The Triton

Engine Room

Injector damage, corrosion, clogs are effects of poor quality fuel


Good housekeeping of diesel fuel requires constant attention to detail to avoid both short-term and long-term engine problems. If a preventive maintenance program for fuel is not begun and followed, the operational and maintenance costs related to the engine will increase, period.

Frequently, the tell-tale sign of microbial growth in fuel is filter plugging. As colonies of bacteria grow in the tank, they clog fuel filters to the point that the engine is starved for fuel. If the solution is just to put a new, clean filter in the filter housing, wait until it plugs up again, and then replace it again, then a lot of fuel filters will be needlessly used. Buying cases of primary and secondary fuel filters can quickly become an unseen budget buster.

Diesel fuel has a couple of jobs. One is to be the source of the hydrocarbon liquid that is turned into power by the engine. The other is to cool and lubricate the fuel injection system.

If fuel is contaminated with water, it will cause damage to injectors. Ideally, the water content in fuel should be well under .05 percent by volume. Above that level, injector life is reduced by about half. When water passes through an injector, it immediately vaporizes and is turned into steam. Because this occurs at high pressure, it will eventually damage the injector tips. This tip damage will prevent the injector from creating the desired fuel spray pattern. And as water content increases, the lubricity of the fuel decreases, causing excessive wear and premature failure of injectors and fuel pumps.

Water is also the culprit that spurs the growth of fungi and bacteria at the bottom of the fuel tank. Some of the bacteria in the tank release acidic byproducts as part of their life cycle. This acid causes corrosion within the fuel system, which leads to more repairs.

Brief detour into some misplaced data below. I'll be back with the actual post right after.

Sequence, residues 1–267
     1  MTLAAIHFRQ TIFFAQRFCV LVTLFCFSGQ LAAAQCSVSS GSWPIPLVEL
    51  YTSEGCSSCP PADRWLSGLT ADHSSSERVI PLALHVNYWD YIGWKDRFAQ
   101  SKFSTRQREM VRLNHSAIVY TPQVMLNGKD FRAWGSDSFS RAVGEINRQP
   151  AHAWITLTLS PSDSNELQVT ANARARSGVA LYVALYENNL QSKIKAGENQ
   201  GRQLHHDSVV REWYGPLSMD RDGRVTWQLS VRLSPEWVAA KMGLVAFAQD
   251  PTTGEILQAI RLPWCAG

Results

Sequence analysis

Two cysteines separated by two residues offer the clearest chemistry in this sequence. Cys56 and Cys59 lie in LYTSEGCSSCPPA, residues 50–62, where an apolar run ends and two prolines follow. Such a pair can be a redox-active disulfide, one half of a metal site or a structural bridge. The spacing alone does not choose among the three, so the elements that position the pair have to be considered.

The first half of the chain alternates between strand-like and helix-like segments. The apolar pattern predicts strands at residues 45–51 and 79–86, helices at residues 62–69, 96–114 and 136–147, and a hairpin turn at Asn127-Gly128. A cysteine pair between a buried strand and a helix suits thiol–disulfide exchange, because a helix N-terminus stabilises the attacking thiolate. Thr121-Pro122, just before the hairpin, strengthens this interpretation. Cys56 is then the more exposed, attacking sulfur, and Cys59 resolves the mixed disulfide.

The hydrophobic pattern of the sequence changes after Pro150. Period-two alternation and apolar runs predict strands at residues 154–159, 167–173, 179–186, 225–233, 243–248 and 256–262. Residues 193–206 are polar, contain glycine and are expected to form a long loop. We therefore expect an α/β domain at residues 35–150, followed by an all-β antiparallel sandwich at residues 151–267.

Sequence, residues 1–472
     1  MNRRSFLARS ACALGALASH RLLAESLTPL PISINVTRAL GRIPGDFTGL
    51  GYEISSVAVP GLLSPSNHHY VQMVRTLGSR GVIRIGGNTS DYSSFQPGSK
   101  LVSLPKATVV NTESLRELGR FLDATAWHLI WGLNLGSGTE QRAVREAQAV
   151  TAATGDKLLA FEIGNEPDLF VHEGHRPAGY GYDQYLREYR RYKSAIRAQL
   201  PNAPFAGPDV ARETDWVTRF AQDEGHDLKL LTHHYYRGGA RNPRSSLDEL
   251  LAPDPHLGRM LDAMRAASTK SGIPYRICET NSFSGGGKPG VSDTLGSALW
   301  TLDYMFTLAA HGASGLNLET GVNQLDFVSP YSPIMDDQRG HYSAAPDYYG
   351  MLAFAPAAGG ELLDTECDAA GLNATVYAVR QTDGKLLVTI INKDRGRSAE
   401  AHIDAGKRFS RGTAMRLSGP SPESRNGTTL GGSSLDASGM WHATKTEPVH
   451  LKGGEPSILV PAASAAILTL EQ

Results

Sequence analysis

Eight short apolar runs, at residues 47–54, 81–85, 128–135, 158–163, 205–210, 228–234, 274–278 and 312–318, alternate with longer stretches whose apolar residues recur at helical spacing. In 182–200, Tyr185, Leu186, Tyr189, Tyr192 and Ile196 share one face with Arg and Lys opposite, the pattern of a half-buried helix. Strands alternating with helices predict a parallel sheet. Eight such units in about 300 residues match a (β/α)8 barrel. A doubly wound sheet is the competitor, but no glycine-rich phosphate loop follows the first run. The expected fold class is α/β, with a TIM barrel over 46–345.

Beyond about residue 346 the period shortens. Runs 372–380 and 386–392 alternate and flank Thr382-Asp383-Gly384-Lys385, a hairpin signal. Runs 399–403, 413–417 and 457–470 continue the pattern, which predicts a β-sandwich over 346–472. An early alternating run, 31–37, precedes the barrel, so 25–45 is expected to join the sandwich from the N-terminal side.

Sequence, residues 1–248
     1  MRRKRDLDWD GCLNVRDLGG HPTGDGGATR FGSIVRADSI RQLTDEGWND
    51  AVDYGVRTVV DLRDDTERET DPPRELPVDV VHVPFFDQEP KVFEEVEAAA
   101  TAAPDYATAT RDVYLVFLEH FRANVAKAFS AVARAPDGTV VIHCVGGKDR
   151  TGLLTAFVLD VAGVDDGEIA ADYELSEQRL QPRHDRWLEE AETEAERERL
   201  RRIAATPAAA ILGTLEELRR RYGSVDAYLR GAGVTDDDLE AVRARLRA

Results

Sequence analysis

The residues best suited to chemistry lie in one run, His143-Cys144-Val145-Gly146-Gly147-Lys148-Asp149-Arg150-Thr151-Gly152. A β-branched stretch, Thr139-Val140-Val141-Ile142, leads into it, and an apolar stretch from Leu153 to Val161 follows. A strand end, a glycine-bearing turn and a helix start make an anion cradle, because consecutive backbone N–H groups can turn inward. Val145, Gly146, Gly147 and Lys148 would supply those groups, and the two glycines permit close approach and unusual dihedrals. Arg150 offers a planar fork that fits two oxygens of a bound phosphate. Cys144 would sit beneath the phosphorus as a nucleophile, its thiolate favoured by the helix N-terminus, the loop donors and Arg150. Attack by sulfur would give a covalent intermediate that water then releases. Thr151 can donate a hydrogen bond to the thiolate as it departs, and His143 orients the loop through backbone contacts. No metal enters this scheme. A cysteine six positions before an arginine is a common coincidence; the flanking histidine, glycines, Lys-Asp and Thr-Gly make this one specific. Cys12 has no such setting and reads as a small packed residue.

Inorganic debris such as rust, dust, sand and other particulates usually find their way into the fuel during the transportation and delivery process from the refinery to the fuel pump. This dirt is abrasive and causes excessive wear and tear on engine parts.

Asphaltenes, an oily black substance, makes its way into diesel fuel during the refining process and as fuel ages in the tank and deteriorates. Asphaltenes are larger carbon-chain molecules than diesel. High asphaltene concentrations in fuel require more time, more energy and higher temperatures to combust than is available in engines during the combustion cycle and before the exhaust valve opens. Therefore, asphaltenes in fuel reduce the efficiency of the engine, which translates into less power from every gallon of fuel.

According to the Chevron Diesel Fuels Technical Review, to maintain fuel integrity one should:

  1. Purchase clean, dry fuel from a reputable supplier and keep the stored fuel cool and dry.
  2. Add an appropriate stabilizer that contains an antioxidant, biocide and corrosion inhibitor.
  3. Use fuel quality management to regularly test the fuel and, as necessary, polish it.

Ideally fuel should be polished and the tanks cleaned whenever the yacht is refueled, or on a monthly basis if the yacht is not fueled frequently. Diesel fuel is the lifeblood of the main engines and generators aboard every yacht.